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Cameras as a tech boon for hoteliers

You may remember the days when a digital camera was a serious investment. The first digital SLR (single lens reflex) cameras were large and expensive. A four-megabyte image was considered hefty. Memory storage cards were typically 32 to 64 gigabytes, pretty puny by today’s standards. Your iPhone beats this hands down.

I recently had the opportunity to buy one of the latest digital cameras. Growing up in an era of 35mm SLR film camera gear, the experience was beyond anything I could imagine. The camera I eventually selected was the Olympus OM-D, one of many new compact SLRs offered today. The basic camera with zoom lens was about $1,500, which considering the feature set is a pretty good deal. (I purchased an additional lens; more on that in a minute.)

Here is what impressed me, and importantly, why you should consider acquiring one of these examples of new technology for use at your property:

1. Compact size with a high-quality image. The days of having to be big to be effective are over. My latest camera weighs less than half that of a full-size SLR, and in many ways offers superior performance.

2. So easy to use, even a GM can do it! No kidding, I was able to master perfect images within minutes, with barely a read of the intimidating instruction manual. This camera has a simple point-and-shoot mode that performed flawlessly. However, there are many additional options I am sure work perfectly for special circumstances. That is, if I ever read the 100-page manual.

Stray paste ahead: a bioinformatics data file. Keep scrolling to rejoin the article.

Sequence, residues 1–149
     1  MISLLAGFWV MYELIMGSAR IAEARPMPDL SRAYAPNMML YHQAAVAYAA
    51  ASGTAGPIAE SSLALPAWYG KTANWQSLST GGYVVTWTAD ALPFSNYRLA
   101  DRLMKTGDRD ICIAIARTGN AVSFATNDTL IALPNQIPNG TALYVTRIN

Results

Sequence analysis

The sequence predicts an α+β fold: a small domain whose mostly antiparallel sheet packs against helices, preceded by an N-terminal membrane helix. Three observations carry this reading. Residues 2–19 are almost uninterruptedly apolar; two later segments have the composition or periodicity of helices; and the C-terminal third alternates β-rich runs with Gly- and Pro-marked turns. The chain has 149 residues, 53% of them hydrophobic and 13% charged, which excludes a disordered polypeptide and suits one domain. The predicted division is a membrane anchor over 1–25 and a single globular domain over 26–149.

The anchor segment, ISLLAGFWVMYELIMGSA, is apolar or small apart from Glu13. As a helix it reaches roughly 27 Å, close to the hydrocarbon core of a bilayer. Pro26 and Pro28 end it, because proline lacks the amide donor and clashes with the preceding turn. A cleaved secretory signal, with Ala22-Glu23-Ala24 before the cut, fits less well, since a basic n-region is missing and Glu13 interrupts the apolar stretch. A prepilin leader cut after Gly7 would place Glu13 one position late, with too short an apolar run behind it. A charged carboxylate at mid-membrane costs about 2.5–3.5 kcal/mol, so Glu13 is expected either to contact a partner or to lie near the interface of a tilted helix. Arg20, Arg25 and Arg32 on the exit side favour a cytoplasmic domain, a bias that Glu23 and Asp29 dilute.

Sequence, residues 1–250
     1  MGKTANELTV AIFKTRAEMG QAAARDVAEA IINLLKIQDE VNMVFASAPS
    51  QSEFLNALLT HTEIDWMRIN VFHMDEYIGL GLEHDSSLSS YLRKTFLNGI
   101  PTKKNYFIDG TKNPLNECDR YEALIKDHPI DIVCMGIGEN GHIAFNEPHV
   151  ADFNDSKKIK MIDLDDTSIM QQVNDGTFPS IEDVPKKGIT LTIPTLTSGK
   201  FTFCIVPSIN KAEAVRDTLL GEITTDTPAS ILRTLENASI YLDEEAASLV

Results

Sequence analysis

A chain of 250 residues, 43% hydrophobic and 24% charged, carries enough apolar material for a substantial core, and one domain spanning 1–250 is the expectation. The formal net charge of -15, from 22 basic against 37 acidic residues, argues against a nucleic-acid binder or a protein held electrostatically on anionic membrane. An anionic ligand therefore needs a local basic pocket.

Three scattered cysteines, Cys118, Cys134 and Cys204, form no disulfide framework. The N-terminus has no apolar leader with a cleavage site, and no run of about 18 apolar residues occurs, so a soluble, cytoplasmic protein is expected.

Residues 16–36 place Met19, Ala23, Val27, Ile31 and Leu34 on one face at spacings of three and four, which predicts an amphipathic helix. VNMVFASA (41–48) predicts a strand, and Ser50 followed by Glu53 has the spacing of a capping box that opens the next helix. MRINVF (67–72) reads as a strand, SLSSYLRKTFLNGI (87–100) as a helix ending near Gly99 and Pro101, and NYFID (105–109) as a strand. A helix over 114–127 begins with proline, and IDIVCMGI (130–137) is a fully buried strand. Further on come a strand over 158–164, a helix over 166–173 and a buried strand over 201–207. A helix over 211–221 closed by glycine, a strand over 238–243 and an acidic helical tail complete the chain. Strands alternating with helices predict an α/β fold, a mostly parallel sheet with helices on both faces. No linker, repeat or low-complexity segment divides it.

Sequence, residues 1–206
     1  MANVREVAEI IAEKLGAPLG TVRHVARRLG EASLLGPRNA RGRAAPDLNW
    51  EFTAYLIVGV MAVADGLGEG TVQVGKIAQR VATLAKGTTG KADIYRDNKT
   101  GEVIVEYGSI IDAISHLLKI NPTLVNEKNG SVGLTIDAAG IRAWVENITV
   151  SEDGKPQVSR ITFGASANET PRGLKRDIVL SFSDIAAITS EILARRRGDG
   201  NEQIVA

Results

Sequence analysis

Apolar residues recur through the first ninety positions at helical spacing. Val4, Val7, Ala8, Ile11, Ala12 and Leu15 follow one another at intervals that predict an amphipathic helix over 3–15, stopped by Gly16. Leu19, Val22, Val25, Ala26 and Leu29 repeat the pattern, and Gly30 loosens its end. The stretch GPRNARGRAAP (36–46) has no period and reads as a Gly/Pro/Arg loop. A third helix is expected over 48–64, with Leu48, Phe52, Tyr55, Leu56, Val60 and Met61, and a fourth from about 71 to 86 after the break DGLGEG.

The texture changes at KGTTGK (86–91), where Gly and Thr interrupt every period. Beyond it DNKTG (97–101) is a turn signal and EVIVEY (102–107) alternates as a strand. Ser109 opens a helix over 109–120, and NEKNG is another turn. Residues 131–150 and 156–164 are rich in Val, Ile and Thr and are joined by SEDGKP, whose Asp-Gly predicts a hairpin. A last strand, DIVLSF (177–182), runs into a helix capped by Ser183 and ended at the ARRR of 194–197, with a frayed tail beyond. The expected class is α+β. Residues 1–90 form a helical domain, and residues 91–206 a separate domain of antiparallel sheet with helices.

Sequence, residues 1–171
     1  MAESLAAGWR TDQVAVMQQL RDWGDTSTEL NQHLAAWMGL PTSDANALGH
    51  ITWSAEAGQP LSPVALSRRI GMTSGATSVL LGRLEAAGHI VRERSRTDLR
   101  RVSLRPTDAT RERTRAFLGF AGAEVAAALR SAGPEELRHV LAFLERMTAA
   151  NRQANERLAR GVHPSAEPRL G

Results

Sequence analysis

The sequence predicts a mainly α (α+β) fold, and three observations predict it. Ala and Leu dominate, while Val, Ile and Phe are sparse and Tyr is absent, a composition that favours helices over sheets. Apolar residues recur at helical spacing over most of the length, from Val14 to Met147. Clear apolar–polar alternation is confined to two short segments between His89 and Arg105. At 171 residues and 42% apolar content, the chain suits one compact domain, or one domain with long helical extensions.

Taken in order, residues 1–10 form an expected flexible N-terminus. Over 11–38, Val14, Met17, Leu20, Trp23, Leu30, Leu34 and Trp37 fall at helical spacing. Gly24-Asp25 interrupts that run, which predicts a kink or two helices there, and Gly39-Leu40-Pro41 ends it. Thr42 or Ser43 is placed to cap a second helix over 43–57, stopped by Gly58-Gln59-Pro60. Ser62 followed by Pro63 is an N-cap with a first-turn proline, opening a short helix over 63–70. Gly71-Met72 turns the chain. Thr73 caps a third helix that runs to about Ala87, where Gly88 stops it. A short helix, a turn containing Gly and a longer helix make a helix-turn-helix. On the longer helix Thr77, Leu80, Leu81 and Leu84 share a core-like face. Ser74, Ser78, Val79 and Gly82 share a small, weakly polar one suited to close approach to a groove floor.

3. Basic controls are a cinch. The lighting controls and low-light capabilities allow for great images without a flash. This means you can shoot guestroom features and staff photos with natural light — even in low light situations — and still have exceptional results.

4. The wide angle of the standard lens is adequate for most situations. Okay, I spent an additional $1,000 for a Lumix ultra-wide lens (14 mm equivalent) for room shots, but it is not really necessary. Imagine the whole room from the doorway, with no image curvature.

5. The auto-stabilization eliminates the need for a tripod. This is key. Tripods take a long time to set up properly. Plus, they are cumbersome.

6. Color balance technology eliminates the need for Photoshop correction of most images. There are further in-camera options for special effects that work miracles. The point here is that having to Photoshop every photo before it can be posted online eats up time and chews away at available funds. Additionally, having the camera automatically take care of pesky issues for you frees up your “on-location” time for more important matters like shot direction or capturing those rare candid moments.

So, does having a camera of this quality eliminate the need to hire a professional to undertake your next website? Hardly, as there is more to shooting a perfect photo than just the camera technology. All professionals have “the eye” — the mental skill of lining up an aesthetically pleasing shot from various angles. The French coined the term mise en scène to describe the beauty behind this principle.

The bottom line is that having a camera like this and shooting documentation of people, staff, events and your property is a cost-effective way to enhance social media as well as the odd business-urgent picture. With this said, consider adding one of these to your next capital budget allocation.

(Article published by Larry Mogelonsky in HOTELSmag on June 14, 2013)

Larry MogelonskyCameras as a tech boon for hoteliers